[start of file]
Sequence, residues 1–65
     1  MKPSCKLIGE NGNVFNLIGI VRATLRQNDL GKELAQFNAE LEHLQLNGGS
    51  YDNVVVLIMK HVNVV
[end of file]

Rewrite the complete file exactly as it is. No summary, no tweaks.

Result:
Sequence, residues 1–65
     1  MKPSCKLIGE NGNVFNLIGI VRATLRQNDL GKELAQFNAE LEHLQLNGGS
    51  YDNVVVLIMK HVNVV